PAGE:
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3 March 2003 Optics for the Extreme Universe Space Observatory (EUSO)
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Optical systems consisting of Fresnel lenses have been shown to provide large aperture, wide field imaging capabilities for systems with forgiving imaging requirements. Fresnel lenses can be manufactured very thin, which makes them ideal for space applications where system mass and absorption losses are critical. A pair of double-sided, curved Fresnel lenses has been proposed as the optical elements for a space-based detector, the Extreme Universe Space Observatory, (EUSO). The EUSO mission objective is to investigate extreme energy cosmic rays (EECRs), those with energies >3E19 eV, and very high-energy cosmic neutrinos. EUSO will use the earth's atmosphere as a calorimeter by observing atmospheric fluorescence in the Earth's night sky produced by the extensive air showers (EASs) created by EECRs. This paper will describe the EUSO mission and the design of the 2.5-meter optical subsystem. Results of test performed on prototype systems and manufacturing options will also be discussed.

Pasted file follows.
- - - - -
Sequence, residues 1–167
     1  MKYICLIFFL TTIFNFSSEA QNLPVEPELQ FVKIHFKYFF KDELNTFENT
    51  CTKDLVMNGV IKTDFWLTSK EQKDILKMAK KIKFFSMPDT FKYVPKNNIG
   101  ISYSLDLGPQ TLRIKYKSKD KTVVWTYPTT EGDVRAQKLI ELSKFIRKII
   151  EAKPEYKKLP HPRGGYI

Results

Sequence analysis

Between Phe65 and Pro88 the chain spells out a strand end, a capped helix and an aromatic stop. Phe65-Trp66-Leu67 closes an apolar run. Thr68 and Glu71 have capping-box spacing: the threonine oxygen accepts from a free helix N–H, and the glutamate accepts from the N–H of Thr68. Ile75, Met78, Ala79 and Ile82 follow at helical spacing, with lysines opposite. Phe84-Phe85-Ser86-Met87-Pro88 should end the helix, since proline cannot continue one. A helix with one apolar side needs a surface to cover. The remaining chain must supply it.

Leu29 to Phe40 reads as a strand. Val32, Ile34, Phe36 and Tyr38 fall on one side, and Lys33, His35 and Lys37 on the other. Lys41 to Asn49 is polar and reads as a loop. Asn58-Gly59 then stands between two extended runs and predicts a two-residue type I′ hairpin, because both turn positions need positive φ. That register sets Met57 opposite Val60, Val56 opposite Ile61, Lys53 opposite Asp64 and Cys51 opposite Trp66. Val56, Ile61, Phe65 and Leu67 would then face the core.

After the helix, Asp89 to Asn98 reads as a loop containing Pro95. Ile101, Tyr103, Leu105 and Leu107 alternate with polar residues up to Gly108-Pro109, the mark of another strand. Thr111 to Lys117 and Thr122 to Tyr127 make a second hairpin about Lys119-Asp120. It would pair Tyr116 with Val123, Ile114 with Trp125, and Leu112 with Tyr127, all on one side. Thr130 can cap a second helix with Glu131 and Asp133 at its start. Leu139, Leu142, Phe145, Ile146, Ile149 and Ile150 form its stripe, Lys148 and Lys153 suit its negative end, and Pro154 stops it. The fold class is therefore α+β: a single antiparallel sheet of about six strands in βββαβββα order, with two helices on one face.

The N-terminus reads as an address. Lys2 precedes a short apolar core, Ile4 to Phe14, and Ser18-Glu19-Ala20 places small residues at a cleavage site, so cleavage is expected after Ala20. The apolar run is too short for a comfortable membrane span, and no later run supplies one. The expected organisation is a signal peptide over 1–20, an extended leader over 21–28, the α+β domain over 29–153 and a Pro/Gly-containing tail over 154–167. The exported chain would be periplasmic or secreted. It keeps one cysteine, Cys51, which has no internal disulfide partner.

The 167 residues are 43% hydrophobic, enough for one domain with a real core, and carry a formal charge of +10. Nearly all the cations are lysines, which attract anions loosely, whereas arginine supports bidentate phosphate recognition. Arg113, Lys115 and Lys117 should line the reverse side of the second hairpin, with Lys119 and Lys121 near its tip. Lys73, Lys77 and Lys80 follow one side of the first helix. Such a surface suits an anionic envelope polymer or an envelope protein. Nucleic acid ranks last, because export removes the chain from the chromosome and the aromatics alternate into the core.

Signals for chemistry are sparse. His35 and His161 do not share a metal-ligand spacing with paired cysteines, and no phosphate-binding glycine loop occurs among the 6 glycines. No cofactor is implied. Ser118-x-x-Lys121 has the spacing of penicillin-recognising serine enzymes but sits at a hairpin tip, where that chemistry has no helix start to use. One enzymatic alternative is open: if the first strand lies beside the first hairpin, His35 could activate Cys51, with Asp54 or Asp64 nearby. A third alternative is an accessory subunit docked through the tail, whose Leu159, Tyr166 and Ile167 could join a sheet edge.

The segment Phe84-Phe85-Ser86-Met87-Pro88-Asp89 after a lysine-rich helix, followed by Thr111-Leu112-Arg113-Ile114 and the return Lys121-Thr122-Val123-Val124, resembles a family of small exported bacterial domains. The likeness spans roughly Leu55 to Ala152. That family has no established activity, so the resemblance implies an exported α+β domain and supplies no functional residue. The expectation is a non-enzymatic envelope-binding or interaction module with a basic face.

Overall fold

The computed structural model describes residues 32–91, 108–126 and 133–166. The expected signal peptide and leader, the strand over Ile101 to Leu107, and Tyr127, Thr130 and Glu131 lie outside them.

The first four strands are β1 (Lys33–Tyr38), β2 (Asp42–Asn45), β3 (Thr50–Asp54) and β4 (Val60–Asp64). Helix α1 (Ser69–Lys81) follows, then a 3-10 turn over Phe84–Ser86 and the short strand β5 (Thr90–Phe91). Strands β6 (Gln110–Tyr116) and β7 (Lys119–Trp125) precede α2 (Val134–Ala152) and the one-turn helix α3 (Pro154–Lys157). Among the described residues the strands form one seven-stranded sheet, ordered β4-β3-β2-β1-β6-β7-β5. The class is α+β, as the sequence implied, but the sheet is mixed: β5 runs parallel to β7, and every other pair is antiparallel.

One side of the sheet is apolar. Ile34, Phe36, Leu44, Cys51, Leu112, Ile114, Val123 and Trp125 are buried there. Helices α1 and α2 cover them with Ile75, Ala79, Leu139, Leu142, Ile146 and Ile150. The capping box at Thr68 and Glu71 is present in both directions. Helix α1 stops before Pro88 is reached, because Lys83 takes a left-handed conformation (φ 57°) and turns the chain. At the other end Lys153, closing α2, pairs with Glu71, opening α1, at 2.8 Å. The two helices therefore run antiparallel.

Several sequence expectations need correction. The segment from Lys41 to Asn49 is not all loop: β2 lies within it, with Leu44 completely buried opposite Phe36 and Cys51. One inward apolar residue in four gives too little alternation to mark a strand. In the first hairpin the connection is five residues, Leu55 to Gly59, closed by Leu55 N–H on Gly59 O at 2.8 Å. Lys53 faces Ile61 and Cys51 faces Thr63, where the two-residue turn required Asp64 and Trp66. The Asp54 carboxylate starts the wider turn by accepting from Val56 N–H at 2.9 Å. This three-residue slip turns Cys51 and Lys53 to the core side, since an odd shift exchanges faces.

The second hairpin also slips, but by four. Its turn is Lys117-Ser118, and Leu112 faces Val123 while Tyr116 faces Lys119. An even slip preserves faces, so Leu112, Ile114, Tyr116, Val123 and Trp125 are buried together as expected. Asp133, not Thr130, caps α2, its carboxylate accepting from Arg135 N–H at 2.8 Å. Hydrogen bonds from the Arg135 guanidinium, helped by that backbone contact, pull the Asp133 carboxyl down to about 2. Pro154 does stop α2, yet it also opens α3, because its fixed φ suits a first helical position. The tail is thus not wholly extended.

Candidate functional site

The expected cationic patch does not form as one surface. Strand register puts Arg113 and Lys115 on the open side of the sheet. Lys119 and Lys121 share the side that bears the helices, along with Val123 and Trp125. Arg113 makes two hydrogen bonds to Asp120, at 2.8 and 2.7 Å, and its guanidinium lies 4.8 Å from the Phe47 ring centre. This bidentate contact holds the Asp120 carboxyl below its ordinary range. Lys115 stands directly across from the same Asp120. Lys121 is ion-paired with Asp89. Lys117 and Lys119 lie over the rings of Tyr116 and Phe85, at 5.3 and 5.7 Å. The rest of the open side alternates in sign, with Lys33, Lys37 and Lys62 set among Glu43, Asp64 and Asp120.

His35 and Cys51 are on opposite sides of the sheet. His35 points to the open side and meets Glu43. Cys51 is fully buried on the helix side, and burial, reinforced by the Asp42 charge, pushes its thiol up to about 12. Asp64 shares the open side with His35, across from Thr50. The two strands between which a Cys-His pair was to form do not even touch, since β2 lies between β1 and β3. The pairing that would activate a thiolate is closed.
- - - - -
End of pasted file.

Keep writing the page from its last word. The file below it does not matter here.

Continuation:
© (2003) COPYRIGHT Society of Photo-Optical Instrumentation Engineers (SPIE). Downloading of the abstract is permitted for personal use only.
Roy M. Young Jr. and Yoshi Takahashi "Optics for the Extreme Universe Space Observatory (EUSO)", Proc. SPIE 4858, Particle Astrophysics Instrumentation, (3 March 2003);


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